One of our five sourcing principles is traceability. We use 100% traceable cocoa for our chocolate and therefore know exactly where our cocoa comes from. For our cocoa liquor we have been doing this since 2012 and for cocoa butter since 2016. To have fully transparent bean-to-bar traceability, meaning knowing the origin, the flow, and the quantities of the beans, allows us to have insights that enable us to create a fairer supply chain based on a direct connection, that creates accountability and the ability to take responsibility. The software system, built with ChainPoint technology, is called BeanTracker.
The BeanTracker digitally logs the data collection from cooperative to chocolate production and includes a monitoring tool for all actors in the supply chain to see where the beans are at any particular moment in time. On this shared value chain platform all supply chain actors are connected and enter data about incoming bean volumes’, ‘beans volumes on stock’ and ‘bean volumes going out’. This tells us from which cooperative the beans in each container come.
The two countries we operate in – Ghana and Cote d’Ivoire - work slightly differently concerning the governmental regulations of cocoa export. But generally speaking, the farmers deliver their cocoa beans to the cooperative’s warehouse, where the beans are put into sacks. The sacks are then transported by truck to the local exporter's warehouse. In Ghana the exporter is Cocoa Merchants Ghana Limited (CML); in Ivory Coast it’s either Ecookim or Ocean. Our international exporter CocoaSource, then arranges for the sacks to be loaded into containers in the ports of Tema, Abidjan, and San Pedro, for them to be shipped to Antwerp. Ocean and Ecokim also provide beans to SACO in Abidjan, who make cocoa butter which is then shipped to Europe.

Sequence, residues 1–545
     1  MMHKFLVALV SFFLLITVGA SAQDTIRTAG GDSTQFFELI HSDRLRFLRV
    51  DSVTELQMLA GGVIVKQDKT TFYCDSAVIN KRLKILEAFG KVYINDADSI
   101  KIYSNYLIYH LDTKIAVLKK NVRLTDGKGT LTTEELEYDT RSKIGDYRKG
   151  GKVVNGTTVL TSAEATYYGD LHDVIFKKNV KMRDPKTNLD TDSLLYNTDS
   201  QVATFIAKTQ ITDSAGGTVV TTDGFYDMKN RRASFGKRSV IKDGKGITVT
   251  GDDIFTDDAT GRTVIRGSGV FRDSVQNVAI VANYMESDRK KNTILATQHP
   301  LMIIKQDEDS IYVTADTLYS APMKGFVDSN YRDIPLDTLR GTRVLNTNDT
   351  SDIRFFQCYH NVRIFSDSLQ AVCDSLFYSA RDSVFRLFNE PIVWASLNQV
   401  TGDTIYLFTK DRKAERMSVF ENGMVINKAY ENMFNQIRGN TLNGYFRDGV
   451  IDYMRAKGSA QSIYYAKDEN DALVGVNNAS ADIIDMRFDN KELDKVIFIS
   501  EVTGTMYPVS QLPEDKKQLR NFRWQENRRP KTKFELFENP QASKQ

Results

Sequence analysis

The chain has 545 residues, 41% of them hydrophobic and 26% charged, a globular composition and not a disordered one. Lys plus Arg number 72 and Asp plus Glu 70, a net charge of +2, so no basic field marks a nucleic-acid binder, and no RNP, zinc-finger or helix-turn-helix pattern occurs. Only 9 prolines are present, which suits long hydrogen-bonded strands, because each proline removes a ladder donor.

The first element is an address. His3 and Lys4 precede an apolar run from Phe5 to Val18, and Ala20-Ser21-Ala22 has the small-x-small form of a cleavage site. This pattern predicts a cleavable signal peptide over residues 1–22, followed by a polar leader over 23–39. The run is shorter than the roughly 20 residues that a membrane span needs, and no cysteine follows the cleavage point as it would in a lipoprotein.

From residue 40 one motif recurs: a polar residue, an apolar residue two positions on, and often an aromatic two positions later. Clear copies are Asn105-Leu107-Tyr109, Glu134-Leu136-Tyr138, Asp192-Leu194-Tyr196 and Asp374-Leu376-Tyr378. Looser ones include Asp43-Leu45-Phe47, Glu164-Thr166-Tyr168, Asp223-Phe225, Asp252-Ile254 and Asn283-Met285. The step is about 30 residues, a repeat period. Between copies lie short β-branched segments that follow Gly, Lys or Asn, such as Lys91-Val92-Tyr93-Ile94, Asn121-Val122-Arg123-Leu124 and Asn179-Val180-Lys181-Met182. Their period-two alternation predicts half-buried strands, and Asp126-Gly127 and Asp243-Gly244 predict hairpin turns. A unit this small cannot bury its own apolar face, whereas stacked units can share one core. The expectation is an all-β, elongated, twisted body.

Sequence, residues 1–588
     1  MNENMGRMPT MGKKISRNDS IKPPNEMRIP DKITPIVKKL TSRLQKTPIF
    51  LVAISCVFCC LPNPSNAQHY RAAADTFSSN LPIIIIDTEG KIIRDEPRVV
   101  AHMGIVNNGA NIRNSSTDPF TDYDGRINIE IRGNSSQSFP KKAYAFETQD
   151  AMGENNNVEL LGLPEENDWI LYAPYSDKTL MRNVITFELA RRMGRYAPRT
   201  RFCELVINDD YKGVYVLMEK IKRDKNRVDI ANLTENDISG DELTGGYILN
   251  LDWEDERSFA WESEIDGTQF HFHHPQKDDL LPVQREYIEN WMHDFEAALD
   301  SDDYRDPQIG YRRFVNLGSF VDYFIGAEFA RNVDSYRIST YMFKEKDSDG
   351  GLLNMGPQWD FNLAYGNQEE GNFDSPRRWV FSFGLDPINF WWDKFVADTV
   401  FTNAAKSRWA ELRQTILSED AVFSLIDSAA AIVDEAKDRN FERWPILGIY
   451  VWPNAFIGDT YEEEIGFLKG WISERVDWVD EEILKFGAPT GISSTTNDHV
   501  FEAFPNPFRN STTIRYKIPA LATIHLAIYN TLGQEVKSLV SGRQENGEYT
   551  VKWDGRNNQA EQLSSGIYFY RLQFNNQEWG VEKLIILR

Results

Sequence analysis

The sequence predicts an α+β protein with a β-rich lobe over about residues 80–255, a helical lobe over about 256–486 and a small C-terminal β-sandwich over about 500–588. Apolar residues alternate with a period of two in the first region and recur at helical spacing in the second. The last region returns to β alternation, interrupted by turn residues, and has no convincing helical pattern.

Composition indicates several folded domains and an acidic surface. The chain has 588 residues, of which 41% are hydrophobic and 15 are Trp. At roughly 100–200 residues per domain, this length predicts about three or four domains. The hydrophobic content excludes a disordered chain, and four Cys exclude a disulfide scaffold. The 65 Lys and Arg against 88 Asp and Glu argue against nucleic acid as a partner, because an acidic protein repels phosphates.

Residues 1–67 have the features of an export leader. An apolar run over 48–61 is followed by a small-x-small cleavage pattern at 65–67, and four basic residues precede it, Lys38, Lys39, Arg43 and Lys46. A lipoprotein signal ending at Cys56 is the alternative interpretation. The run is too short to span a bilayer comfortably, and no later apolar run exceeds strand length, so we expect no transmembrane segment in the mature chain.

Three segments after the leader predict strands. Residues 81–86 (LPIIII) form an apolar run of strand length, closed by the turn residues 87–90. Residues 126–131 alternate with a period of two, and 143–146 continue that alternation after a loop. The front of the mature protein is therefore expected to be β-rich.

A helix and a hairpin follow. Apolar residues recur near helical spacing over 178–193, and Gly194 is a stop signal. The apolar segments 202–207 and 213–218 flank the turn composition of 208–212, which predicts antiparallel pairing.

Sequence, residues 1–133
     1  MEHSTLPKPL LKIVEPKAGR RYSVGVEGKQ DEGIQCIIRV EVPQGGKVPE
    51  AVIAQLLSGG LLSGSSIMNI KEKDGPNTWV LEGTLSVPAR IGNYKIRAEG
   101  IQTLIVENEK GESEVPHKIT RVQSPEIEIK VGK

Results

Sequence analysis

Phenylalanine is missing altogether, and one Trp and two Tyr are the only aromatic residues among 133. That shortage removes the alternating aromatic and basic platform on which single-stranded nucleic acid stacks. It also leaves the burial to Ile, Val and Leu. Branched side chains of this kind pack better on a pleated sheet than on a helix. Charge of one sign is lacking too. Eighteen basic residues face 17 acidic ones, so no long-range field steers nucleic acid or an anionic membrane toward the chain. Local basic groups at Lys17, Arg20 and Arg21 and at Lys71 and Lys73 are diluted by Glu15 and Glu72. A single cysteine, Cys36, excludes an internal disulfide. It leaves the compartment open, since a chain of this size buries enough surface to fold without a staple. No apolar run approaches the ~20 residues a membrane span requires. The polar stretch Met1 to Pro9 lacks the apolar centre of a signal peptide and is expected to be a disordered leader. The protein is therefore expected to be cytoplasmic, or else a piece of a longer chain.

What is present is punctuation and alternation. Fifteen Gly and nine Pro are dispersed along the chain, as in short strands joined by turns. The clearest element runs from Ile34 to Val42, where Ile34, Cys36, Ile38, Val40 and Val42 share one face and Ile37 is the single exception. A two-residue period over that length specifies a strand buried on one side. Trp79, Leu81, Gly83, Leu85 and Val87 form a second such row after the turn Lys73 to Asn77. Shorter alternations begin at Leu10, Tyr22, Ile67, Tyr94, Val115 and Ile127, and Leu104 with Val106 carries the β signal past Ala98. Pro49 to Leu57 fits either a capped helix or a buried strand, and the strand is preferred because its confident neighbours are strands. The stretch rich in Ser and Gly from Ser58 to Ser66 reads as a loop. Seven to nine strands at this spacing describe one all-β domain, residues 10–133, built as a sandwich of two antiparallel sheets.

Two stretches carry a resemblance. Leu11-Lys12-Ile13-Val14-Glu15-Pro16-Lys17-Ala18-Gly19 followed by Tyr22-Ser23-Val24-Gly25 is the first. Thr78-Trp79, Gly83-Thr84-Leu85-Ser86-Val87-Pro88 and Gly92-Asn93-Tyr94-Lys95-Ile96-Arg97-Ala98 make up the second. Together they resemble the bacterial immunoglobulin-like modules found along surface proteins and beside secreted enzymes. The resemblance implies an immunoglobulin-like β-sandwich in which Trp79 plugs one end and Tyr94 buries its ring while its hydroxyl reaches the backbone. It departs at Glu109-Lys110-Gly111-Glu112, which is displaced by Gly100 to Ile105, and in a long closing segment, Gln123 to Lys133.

In Antwerp, the sacks of beans are stored in large warehouses, until Barry Callebaut uses the beans to make couverture chocolate (liquid chocolate) for us. The couverture chocolate then goes to the factories of Althaea and Kim’s Chocolates where the actual bars are made and wrapped. Our cocoa beans are kept separate throughout the entire process. This ensures that we can manage the flow of beans, and we also pay the Tony’s premium via the BeanTracker, so we also manage the flow of funds on here.
We know what volume of beans is being shipped and what is being processed in Belgium. We know which farmers supplied what percentages of each shipping container of beans. Last year, we bought in total 5,465 mt of traceable beans. For this season 2019/2020, we aim to raise the bar and buy 6,925 mt of traceable beans from our seven partner cooperatives. In the future, we also aim to link various other data sources in the BeanTracker, so we can see at a glance where our cocoa comes from and what the conditions are like for the farmers who grow it. The goal is to make the BeanTracker a scalable solution which will hopefully lead to a system change by implementing an industry standard for the traceability of bean-to-bar to enable taking full responsibility for the whole supply chain. This is why setting the right example with Barry Callebaut, the world’s largest cocoa processor, is so important and the installation of our own cocoa butter tank in the factory in 2016 was a major milestone on this journey. This shows that other players in the industry have no excuse – if we can do it, other large companies that work with Barry Callebaut can do it, too.